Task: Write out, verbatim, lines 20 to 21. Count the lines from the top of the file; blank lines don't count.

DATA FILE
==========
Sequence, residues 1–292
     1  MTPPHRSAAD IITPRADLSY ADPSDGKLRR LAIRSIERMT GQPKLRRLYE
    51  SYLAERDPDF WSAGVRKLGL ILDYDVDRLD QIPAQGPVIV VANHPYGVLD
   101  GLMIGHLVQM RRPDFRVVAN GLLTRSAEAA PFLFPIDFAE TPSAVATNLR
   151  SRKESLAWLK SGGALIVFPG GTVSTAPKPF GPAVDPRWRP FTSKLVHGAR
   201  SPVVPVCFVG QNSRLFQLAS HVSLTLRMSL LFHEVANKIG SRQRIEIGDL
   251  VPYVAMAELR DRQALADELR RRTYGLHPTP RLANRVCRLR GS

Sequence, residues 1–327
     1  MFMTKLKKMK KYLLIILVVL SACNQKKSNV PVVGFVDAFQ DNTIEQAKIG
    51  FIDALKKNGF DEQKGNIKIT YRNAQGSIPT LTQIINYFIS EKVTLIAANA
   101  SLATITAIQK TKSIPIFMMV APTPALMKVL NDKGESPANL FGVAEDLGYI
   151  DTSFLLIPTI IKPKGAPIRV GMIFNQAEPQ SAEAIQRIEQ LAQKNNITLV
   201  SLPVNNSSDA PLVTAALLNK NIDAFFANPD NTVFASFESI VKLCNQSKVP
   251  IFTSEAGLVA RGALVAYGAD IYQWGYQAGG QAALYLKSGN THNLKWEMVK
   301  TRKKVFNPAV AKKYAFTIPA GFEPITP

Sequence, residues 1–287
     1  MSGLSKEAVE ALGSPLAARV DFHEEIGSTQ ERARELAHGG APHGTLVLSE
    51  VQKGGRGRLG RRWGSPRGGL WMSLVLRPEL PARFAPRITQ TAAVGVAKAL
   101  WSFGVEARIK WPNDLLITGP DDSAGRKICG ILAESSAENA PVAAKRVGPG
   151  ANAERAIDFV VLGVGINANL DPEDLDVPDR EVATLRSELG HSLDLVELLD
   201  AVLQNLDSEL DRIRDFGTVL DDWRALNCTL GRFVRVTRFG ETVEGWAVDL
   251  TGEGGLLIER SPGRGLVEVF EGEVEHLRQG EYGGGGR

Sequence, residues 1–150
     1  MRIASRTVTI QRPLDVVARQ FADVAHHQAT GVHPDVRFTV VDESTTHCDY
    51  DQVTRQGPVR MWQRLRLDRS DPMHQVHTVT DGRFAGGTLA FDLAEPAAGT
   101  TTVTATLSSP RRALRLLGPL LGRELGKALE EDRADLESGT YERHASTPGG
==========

   151  ANAERAIDFV VLGVGINANL DPEDLDVPDR EVATLRSELG HSLDLVELLD
   201  AVLQNLDSEL DRIRDFGTVL DDWRALNCTL GRFVRVTRFG ETVEGWAVDL